State Senate approval of new speed cameras for Long Island makes it more likely that Nassau’s financial control board on Friday will lift a three-year wage freeze on county employees.
County officials have said that revenue raised from the cameras, intended to fine speeders in school zones, would help pay for new amended contracts for county union employees.
With the senate's vote, “that issue is addressed,” Jon Kaiman, chairman of the Nassau Interim Finance Authority said Wednesday. "The county is coming forward with revenue and savings that give me greater confidence that they can cover the costs.”
NIFA, the state board in control of Nassau’s finances, is scheduled to meet Friday to consider approving Memorandums of Agreement with four of the five county unions — the Civil Service Employees Association, the Police Benevolent Association, the Detectives Association, and the Superior Officers Association. A deal with the county’s correction officers has yet to be finalized.
The agreements would end the wage freeze NIFA imposed in March 2011 and give union workers raises as of April 1.
NIFA in March outlined conditions the county and unions could meet to lift the freeze. The conditions included County Executive Edward Mangano dedicating $129 million in new revenue from speed cameras, mortgage recording fees and sales taxes to pay for increased salaries if union contract concessions do not generate the expected savings.
Alathough Mangano and union leaders contend that concessions will save hundreds of millions of dollars, NIFA estimated the cost at $129 million. The legislature's budget review office reported that the four union deals could cost from $120 million to $292 million, depending on when current employees retire and new employees are hired.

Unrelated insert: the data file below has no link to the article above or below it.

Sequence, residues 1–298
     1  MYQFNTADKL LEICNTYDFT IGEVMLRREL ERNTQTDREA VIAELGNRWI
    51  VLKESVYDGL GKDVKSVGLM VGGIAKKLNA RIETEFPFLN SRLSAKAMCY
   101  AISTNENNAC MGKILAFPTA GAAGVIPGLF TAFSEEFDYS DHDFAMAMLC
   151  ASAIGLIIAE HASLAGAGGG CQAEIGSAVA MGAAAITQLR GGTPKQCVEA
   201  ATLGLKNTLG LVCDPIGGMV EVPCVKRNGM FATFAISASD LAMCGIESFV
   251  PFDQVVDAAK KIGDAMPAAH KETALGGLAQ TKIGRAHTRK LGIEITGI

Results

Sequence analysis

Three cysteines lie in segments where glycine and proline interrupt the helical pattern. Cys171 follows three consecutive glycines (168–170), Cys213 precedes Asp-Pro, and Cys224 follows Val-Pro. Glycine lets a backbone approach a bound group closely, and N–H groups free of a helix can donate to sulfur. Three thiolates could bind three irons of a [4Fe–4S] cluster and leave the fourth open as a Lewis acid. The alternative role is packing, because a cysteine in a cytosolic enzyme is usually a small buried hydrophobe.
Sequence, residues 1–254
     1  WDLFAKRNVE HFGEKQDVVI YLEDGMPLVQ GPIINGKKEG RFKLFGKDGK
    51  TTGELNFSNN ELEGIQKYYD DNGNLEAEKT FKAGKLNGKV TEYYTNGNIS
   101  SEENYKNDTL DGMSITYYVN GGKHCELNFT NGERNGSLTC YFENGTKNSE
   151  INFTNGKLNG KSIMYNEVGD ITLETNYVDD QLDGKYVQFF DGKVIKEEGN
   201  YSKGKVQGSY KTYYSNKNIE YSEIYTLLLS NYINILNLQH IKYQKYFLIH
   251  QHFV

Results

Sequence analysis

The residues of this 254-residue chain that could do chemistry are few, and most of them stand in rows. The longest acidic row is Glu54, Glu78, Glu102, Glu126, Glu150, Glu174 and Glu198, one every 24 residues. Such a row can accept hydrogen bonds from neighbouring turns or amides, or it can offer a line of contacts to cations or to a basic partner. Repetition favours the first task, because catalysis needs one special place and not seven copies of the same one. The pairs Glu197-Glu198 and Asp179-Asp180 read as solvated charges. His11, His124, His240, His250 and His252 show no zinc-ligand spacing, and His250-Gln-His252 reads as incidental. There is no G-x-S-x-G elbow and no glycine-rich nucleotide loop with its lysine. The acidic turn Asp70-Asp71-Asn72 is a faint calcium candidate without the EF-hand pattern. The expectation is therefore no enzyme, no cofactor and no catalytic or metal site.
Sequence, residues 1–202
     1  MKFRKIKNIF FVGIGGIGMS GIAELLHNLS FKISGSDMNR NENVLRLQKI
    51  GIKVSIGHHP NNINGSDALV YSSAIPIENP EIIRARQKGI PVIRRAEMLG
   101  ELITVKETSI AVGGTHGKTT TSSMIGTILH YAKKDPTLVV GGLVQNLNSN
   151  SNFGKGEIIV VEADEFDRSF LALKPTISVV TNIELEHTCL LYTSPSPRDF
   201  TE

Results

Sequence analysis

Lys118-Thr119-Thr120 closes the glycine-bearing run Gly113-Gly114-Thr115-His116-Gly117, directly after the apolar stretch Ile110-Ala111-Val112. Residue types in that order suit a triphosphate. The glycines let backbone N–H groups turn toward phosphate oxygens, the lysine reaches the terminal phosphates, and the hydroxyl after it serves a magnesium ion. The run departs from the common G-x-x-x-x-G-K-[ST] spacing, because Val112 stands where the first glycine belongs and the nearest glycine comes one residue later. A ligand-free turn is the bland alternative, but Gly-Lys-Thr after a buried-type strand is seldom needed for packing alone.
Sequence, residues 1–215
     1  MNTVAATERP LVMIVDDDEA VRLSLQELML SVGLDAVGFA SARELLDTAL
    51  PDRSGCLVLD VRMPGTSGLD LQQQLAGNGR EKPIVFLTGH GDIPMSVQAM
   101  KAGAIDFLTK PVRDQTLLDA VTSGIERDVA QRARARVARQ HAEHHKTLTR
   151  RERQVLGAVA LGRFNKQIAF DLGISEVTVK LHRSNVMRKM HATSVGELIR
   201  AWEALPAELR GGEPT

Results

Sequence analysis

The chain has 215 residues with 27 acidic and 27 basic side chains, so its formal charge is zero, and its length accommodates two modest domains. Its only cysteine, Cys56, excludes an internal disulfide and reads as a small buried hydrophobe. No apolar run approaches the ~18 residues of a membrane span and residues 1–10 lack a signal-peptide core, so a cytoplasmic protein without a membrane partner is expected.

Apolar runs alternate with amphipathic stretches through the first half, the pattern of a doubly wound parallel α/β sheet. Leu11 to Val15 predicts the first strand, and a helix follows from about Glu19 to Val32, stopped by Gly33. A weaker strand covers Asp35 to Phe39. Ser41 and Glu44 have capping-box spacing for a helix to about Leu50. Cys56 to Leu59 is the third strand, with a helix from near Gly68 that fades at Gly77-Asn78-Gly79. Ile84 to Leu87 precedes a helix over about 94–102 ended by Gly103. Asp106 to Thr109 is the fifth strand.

“The county has to commit to paying for this in full,” Kaiman said. “NIFA is not authorizing any (borrowing) to pay for this.”
Kaiman said the county has suggested five or six different revenue sources to pay for the deals, including increased fees and bringing in a private operator to run its sewer districts.
The sewer plan is not the same as a past proposal to sell the sewers to a private operator for an upfront payment, Kaiman said. NIFA rejected that proposal as a form of borrowing.
The private operator would "set their own fees and hire their own work force," while Nassau's sewer employees would be replaced through attrition and rotation to other vacant jobs in the county. The plan is "something they anticipate can save substantial dollars." he said.
Kaiman said it is up to the county, not NIFA, to determine what revenue sources it will use.
NIFA requested a list of options should a revenue shortfall occur. Accordingly, the administration provided a laundry list of options that can be enacted, but they may not necessarily be enacted.
Mangano spokesman Brian Nevin said NIFA "requested a list of options should a revenue shortfall occur. Accordingly, the administration provided a laundry list of options that can be enacted, but they may not necessarily be enacted."
CSEA president Jerry Laricchiuta, whose members include sewer district employees, could not be reached for comment.
When NIFA approved the contract outlines in March, “I believe there was support for moving forward on this plan,” Kaiman said.
Although there have been setbacks, including the delay in speed camera legislation and a drop in sales tax revenues, “I don’t know that anything has changed so radically to suggest we should not go forward,” Kaiman said.